Rising Stars in Sustainability: Anukampa Freedom Gupta-Fonner
I was the first girl child to be born in my father’s family after 40+ years. In more ways than just that, I broke the mold.
I grew up in a community, in a part of the world, where spotting a single tree was a sight to behold. Growing up was an experience that was dense, crowded, loud and polluted. Wildlife sightings in the community were limited to pigeons, cows and eagles. Even as a five-year-old, I was yearning to get close to Earth. My parents made special efforts to take me to the nearest available parks, scant as they were. I so loved trees that I named my two favorite trees "Camel" and "Elephant."
Then, somehow, as a stroke of luck, I came across this wacky man by the name of Steve Irwin. To me, as a five-year-old, he fired my imagination. I was glued to his “Crikey!” catchphrase and would watch in sheer awe the wonders of wildlife. It came to such a head that I was called “Animal Planet” by all my cousins. My never-ending queries about the natural world, and really everything else, earned me the name “question bank.”
That’s when I knew I wanted to do something in the natural world. Life is not a straight line. It took a circuitous journey to truly understand how my love and passion for God’s green Earth could be expressed in the form of a career.
I founded my first organization as an undergraduate student at the University of Delhi. It was an environmental action society that is still active and continues to galvanize students and drive environmental action. At the time, I also worked on the frontlines to stop wildlife smuggling, and as an activist to promote reforestation and water conservation in one of the world’s most polluted cities. I trained to be a journalist – and that allowed me to research and study the city’s environment and public health issues.
Time and time again, my efforts seemed to fall short. A bigger power, an underlying system, was the originator of these issues and I felt like a drop in the pond. It was time to work on systems and address root causes. I migrated to America to study public policy, where I specialized in managing and leading social change organizations.
My time in graduate school was instructive. The environs on the campus were truly my first nature-immersive experience. There were trees all around. YAY, TREES!!! I experienced wildlife, clean air, water security and simply an atmosphere where my longing to be close to nature blossomed.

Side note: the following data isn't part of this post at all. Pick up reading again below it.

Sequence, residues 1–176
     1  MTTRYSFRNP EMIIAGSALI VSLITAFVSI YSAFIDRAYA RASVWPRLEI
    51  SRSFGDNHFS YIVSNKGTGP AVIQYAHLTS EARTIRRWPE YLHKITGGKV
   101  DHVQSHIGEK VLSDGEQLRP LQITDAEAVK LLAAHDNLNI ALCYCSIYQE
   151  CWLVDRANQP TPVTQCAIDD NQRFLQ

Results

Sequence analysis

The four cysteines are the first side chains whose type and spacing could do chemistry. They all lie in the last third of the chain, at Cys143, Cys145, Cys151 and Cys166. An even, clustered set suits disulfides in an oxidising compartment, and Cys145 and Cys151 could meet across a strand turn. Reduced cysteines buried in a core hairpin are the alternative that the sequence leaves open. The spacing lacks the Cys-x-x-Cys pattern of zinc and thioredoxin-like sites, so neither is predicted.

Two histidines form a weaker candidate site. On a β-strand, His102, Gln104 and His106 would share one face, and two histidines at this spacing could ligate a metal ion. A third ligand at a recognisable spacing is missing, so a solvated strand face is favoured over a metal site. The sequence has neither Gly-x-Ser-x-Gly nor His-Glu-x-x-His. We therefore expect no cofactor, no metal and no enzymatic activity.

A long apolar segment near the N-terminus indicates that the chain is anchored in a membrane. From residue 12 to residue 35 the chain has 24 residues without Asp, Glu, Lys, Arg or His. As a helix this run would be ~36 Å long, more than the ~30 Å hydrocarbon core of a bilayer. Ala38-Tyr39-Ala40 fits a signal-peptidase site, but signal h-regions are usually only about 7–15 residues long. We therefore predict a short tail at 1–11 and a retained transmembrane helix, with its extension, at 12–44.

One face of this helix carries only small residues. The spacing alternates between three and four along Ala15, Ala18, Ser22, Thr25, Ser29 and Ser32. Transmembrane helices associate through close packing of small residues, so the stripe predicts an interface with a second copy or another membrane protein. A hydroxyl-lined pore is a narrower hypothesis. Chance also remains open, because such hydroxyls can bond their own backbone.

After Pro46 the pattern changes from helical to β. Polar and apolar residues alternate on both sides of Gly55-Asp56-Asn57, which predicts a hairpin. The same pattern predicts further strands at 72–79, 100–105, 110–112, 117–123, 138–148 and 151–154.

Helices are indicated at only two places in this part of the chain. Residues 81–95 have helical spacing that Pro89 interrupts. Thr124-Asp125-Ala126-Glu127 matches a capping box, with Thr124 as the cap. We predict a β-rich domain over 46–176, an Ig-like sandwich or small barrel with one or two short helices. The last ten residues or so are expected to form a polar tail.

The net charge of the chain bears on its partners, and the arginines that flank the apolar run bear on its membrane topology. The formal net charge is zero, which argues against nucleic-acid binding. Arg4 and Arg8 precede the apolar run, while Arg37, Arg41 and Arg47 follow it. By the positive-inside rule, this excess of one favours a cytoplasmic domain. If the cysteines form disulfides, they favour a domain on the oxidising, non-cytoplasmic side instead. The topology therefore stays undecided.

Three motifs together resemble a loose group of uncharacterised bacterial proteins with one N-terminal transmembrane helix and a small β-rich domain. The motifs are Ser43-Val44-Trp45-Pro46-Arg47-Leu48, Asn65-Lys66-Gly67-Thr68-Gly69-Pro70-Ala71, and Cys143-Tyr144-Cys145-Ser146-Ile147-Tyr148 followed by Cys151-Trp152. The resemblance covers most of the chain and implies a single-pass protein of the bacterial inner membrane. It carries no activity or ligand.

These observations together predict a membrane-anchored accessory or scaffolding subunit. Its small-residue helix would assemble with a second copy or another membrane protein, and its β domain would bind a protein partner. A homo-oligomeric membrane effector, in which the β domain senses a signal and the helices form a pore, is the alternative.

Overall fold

It was also at this time that I witnessed a completely new phenomenon – an excess of food waste, trash and single-use disposables. From where I came from, stuff (food, resources, etc.) was simply not wasted. It was just not a thing. There’s a truism to this: our grandparents were the first zero wasters.
A year after graduate school, I started my own business to drive innovation in packaging design and technology to Make Trash History™. It was evident to me that America’s and indeed the world’s trash epidemic is an error of design. The future needed a clean transition to Reuse, Refill and Return systems. In fact, there are models of excellence in countries just like India. I felt the home-court advantage. I mean, that’s literally how I grew up. The stainless steel canisters, silverwares, plates, drinking vessels and more in my mom’s kitchen are iconic. Our family used them when I was born. I am 33 years old. They are still being used by our family members.
I have been working to make trash history for over six years now, and I am the CEO of Spring. My sleeping and waking hours are spent on bringing Spring to the mass market. Spring is the future of food systems in the context of climate change: we are building the infrastructure for farm-to-table with no waste as a fundamental component. Spring is truly an opportunity to drive structural change in the way food is sourced and distributed. We are on the cusp of America’s Reuse Revolution, and I am so excited to be a part of the solution to help preserve wild habitats and creatures for generations to come.
The views expressed in this blog do not necessarily reflect those of WWF.